Leave the kids at home: How to decouple your projects with the Stairway Pattern
When you’re creating a new class, do you know exactly where to put it in your solution or do ya just kinda shove it near something similar and call it good?
Think about the last class you wrote – would you say it’s in its proper place? Is it flexible and easy to change?
Aside from being developer buzzwords (and aside from the nifty strategies laid out in my how to organize your projects article), do you know what that would actually look like?
Unless it’s explained to you, you can end up flying by the seat of your pants writing code a certain way simply because it matches the surrounding code, but without any real professional consideration.
Fortunately, as I continue my read thru the book Adaptive Code via C# by Gary McLean Hall, I bring more sweet tidings of pro level dev chops.
This article introduces a technique in class design known as the Stairway Pattern. It’s a pattern that will keep your code loosely coupled AND, as a side effect, will improve project organization.
It’s one of those techniques that make you feel like a responsible adult like learning how to change a flat tire.
The Entourage Anti-Pattern
To preface the pattern, the author first explains the anti-pattern that we should avoid, known as the Entourage Anti-Pattern.
In a nutshell, the Entourage Anti-Pattern is putting your implementations in the same project as their interfaces.
Now, when I read this I was delighted because I’ve been doing that since the beginning of time, so I knew I was about to learn something.
The author mentions a couple reasons this can be a bad idea:
First, by having the implementation right there, a less experienced developer might come along and be tempted to use
new and hardcode the dependency into the client class, despite the interface’s existence. Take a look at my earlier dependency injection article to see why hardcoding dependencies is a code-smell.
Second, and the reason it’s called the Entourage Anti-Pattern, is that clients will potentially need to bring in assemblies they don’t need.
I’ve got a great example of this in one of the applications I work on at the time of writing this. This app offers an e-signature feature that makes use of DocuSign, a very popular e-signature platform that has it’s own API for managing the entire document signing flow.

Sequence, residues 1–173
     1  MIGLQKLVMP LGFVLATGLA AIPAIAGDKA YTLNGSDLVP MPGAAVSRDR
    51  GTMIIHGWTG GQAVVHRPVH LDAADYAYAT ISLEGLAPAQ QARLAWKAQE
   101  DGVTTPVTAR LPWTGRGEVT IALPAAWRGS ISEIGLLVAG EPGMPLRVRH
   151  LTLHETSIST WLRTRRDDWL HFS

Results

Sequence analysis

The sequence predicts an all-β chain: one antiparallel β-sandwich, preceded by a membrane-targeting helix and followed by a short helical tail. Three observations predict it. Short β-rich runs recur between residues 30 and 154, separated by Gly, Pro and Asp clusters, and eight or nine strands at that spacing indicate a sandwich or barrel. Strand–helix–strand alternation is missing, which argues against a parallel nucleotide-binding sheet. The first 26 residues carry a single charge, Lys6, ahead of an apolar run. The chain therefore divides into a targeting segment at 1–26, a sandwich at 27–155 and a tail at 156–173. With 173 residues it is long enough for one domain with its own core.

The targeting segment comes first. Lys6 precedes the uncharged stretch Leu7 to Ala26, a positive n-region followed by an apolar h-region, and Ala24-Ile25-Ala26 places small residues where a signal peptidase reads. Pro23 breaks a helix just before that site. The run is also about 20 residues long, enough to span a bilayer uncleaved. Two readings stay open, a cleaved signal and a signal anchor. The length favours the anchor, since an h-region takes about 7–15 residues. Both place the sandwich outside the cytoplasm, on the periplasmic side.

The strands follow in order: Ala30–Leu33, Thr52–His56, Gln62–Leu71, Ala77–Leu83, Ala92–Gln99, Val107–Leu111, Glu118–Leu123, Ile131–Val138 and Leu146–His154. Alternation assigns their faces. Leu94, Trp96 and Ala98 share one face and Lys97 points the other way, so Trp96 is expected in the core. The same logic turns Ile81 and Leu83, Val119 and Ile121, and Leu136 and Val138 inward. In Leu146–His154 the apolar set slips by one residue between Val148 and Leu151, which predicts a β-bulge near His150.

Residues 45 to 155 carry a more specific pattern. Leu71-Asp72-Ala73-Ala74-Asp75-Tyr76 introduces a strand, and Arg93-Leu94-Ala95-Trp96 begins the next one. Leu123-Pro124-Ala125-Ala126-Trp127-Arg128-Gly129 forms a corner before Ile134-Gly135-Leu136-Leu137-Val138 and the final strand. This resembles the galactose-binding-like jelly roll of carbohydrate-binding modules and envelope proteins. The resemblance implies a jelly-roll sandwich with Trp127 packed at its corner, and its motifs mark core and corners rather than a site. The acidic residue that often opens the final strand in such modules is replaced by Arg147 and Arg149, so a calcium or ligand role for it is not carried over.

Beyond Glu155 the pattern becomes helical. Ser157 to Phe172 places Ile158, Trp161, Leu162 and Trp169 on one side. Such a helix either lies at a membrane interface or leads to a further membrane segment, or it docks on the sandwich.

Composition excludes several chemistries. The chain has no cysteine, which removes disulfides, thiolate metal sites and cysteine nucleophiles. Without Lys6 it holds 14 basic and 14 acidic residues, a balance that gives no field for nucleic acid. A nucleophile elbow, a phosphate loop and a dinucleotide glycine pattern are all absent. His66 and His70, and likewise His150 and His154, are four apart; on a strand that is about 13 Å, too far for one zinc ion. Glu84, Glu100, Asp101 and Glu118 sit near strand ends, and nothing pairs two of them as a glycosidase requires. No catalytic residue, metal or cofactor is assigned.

When we built this feature, we coded to an
IESignatureService interface so that we could later swap out DocuSign for something cheaper or homegrown. Now, although we are using an interface, the
DocuSignService implementation (which depends on a
DocuSignAPIClient library assembly) sits next to it in the same project. This project also happens to be a very large one that holds a lot of other business logic unrelated to e-signature.
The problem shows itself when you look at the
bin directory of every project that makes use of that business logic project.
DocuSignAPIClient.dll exists in all of them!.
That DLL is an entourage member of the business logic project, tagging along even when it’s not needed.
The Stairway Pattern
To fix this, we apply the Stairway Pattern, which is simply keeping the implementation in a separate assembly.
Clients should only depend on an interface, which can either live in the same project as the client, or also in a separate assembly. It’s called the stairway pattern because the UML diagram showing dependencies looks… like stairs.
For our e-signature example, we could place our
DocuSignService in a separate
ServiceImplementations project so that its can be decoupled from the business logic project until the time that it’s needed.
But Joe, you’ll eventually have to call
new, so the entourage will have to come along at some point, right?
Yes! If you’re using dependency injection, your implementations will be instantiated at the entry point of your application in something like an IoC container. But the benefit is that that is the only place
new will be called. Giving you the ability to swap out implementations very easily.
I thought about this more while reading and found this very useful StackOverflow response from the book’s author himself. Reading it is mandatory!
When to use it
I see this pattern coming in handy for most service classes.
One thing I’m not sure about though, is refactoring mature codebases that aren’t already built with dependency injection. Would it be better to stay consistent with the existing patterns?
Side note on consistency: I like the analogy five books on a pile and one on the shelf is better then all six in a pile that I came across in an excellent article called Livable Code by John Hotterbeekx. It’s an article that will help ground you in reality after all this pristine, adaptable, clean code talk.
The author also mentions a common fear: that implementing this pattern could lead to large increase in the number of projects in your solution, but he doesn’t explain why that wouldn’t be the case. You’ll notice in that StackOverflow question, other folks had the same concern.
What do you think? Would you simply throw all service implementations into a single project?
I guess it depends on how many different things your application does. With the “everything but the kitchen sink” line-of-business apps I’ve worked on, implementing a pattern like this would seem daunting considering the number of features to refactor out.
On the other hand, I could start putting the metaphoric book on the shelf, and communicate to my team that this would be the new practice going forward.
If working on something quite new, I would without a doubt make this a standard practice.